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Thread: How to separate family from business

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    How to separate family from business

    EMPLOYEE relations in your business is one of the hardest things for a business owner to get right, but it becomes even trickier if family members also join your team.

    Those employees that are non-family members might not be too pleased if you bring family into the business. Especially if you remunerate family members better and promote them up to management quicker than non-family members. But there are ways around this.

    Tony Balshaw, partner in Grant Thornton’s family-controlled company, says family-owned businesses need to create a distinction between family and management by drawing up clear policies.

    He says employees will need to except that a business owner’s family members will always be favoured, but he also feels that business owners should strive to do what’s in the business’ best interest. “The best thing is to have a family creed and to share this with the family,” explains Balshaw.

    He says the creed should contain things such as how family members and senior management are paid out.

    Managers should be aware what your business’ policy is when it comes to promoting family members, he says.

    Forming a family shareholder’s committee where family members can meet to discuss issues around the business, remuneration and promotions of family members, is another alternative.

    He says if you award a family member a bonus, but don’t grant your other employees the same, you’ll be setting a bad president.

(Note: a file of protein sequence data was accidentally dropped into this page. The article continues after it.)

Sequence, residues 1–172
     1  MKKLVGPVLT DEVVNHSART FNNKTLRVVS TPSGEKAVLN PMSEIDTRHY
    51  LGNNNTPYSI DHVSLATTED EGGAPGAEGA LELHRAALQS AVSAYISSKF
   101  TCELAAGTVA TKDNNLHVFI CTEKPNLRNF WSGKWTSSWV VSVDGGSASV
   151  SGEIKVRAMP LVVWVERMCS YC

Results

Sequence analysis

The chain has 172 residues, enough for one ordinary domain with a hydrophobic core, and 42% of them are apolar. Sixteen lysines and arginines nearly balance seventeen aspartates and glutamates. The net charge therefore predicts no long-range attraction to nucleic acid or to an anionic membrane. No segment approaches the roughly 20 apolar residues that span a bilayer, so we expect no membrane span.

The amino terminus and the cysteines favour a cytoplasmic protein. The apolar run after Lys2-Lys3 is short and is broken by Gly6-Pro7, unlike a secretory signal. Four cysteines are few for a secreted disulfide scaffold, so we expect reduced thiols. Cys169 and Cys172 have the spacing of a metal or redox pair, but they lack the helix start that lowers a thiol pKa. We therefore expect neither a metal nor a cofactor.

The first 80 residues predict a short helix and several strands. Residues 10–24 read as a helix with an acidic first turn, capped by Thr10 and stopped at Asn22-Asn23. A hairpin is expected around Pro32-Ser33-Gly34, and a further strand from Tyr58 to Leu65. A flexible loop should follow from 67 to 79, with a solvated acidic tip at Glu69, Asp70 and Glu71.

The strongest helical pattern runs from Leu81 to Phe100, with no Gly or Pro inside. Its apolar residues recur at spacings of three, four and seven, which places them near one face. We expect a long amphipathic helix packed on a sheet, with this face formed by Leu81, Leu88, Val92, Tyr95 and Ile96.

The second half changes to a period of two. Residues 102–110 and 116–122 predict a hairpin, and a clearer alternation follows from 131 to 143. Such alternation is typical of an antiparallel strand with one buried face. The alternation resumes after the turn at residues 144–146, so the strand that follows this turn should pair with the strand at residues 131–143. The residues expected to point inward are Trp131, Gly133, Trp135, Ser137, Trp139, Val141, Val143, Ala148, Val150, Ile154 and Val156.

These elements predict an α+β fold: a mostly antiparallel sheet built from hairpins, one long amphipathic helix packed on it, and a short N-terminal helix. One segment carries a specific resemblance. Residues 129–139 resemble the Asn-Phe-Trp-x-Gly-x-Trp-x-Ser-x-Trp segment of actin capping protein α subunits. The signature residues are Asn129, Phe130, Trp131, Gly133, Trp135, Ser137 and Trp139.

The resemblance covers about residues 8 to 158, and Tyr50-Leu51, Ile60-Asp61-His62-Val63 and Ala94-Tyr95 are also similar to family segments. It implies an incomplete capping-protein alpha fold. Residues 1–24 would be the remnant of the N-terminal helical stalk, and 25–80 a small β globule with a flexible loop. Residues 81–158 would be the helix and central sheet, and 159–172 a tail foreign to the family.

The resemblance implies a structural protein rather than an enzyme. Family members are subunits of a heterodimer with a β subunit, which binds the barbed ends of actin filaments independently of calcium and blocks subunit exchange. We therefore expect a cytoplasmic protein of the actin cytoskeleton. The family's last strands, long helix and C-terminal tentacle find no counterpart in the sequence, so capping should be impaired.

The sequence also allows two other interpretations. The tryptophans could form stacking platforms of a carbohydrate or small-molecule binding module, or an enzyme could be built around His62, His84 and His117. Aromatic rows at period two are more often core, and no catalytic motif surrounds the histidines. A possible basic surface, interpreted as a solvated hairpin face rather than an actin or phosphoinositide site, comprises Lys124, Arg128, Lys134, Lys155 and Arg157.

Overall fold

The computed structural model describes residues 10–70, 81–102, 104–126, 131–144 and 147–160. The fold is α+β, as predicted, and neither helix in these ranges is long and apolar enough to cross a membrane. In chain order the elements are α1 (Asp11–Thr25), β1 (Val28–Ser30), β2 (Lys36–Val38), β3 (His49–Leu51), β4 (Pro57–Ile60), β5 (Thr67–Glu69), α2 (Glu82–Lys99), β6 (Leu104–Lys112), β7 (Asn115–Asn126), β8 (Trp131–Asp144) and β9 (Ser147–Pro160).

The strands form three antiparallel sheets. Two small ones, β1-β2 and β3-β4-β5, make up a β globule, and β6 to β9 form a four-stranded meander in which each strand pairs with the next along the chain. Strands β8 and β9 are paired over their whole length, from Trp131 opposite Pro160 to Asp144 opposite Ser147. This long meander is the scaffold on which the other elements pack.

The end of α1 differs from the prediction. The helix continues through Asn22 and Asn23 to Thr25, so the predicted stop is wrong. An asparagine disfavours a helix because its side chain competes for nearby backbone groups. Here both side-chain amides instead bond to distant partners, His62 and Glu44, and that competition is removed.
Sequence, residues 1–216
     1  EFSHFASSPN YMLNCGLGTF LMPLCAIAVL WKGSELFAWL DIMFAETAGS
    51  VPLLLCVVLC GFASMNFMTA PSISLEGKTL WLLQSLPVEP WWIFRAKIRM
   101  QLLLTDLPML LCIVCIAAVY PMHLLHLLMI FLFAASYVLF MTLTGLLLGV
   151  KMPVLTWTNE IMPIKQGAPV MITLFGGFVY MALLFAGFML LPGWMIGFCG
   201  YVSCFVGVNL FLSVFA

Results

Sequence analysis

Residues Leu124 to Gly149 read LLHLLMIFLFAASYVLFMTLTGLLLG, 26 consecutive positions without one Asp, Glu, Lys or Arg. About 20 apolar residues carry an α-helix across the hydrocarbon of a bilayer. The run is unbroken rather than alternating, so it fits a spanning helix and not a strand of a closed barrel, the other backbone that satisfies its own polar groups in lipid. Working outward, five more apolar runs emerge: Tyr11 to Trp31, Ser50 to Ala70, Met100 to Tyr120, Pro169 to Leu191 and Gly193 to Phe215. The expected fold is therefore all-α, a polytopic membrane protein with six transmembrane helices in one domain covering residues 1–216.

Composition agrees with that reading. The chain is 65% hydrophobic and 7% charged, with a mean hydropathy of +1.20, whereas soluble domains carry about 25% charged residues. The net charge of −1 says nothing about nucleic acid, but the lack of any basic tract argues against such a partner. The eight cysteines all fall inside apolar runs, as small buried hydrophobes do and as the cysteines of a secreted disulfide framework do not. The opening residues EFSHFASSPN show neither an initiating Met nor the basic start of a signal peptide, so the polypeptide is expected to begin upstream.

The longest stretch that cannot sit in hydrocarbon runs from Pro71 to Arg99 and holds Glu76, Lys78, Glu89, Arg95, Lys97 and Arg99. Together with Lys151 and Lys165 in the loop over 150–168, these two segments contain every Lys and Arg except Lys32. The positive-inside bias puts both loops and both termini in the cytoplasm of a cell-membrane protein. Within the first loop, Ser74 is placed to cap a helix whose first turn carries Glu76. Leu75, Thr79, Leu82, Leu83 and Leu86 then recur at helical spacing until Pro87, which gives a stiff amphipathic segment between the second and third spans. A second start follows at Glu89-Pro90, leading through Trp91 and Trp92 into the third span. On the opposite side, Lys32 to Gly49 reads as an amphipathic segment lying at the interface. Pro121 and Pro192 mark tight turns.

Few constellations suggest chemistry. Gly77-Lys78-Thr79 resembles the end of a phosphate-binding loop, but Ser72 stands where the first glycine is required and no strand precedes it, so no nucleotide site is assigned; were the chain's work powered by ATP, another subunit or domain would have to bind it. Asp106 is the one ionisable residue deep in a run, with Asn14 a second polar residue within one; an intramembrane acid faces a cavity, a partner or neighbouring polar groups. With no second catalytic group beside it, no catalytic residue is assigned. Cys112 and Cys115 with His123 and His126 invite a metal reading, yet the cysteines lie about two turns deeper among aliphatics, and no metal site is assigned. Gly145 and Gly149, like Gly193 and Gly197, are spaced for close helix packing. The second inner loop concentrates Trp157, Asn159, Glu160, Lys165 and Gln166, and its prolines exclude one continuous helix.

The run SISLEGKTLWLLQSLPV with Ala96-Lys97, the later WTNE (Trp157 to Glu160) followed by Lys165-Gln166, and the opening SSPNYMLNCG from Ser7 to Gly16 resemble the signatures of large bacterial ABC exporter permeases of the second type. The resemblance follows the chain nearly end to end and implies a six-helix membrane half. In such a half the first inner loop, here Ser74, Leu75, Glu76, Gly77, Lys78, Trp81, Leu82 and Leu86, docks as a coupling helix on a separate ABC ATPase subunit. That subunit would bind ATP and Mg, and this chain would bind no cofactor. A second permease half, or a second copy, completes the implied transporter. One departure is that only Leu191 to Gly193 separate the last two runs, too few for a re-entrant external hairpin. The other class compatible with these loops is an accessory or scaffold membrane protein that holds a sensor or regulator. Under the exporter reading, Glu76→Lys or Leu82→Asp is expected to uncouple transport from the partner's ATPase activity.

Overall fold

Similarly, you shouldn’t finance a family’s vehicle through the business even if it turns out to be the most affordable alternative. This may, again, send out the wrong message.

    Dennis Venter, managing director of family-run business XLNT Panelbeater, says he has never experienced problems between family and non-family members in his business.

    “We run this company as a family,” says Venter, who manages the four-year old business with his wife, his daughter and three sons. Five of his managers are non-family members.

    He says part of the reason he pulled out of his previous business, which he ran with his brothers, was because of clashes between family members and non-family members.

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    Site Caretaker Dave A's Avatar
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    This is an area where I have a fair amount of experience.

    Having clear expectations in place is common to so many aspects of business, it perhaps doesn't bear repeating here. It's important - period.

    What I think deserves special attention is the family business brings two environments into play, and they really do need to be treated differently.

    At work.
    Treat family members the same as the rest of the staff. If you find you are treating family members on staff better than non-family members, raise your game in terms of how you treat non-family members of staff. If you are treating family members worse than other staff - you'll need to look at that and make some changes too.

    At home.
    Lose the business relationship completely. Become the husband, wife, brother, sister, father, mother, daughter, son (I trust you get the idea by now) and deal with business discussion accordingly. It's too much to expect to stop discussion about business at home or at family gatherings completely. But don't turn family time into a business meeting.

    Do this consistently and you'll find the discussion at home about business becomes anecdotal, and the business gets done where it should be done, at work.
    Last edited by Dave A; 01-Nov-09 at 11:18 AM.
    The trouble with opportunity is it normally comes dressed up as work.

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    Platinum Member sterne.law@gmail.com's Avatar
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    My wife and I both practice Labour Law seperately. We naturally run ideas, tactics etc by each other. We however made a rule that only certain nights of the week is it allowed and between a certain time, as if we were in a meeting. That way we keep it limited.